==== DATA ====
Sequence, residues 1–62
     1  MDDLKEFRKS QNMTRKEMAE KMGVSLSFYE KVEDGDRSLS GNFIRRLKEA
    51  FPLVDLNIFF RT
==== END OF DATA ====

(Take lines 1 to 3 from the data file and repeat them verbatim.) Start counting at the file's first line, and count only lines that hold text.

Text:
Sequence, residues 1–62
     1  MDDLKEFRKS QNMTRKEMAE KMGVSLSFYE KVEDGDRSLS GNFIRRLKEA
    51  FPLVDLNIFF RT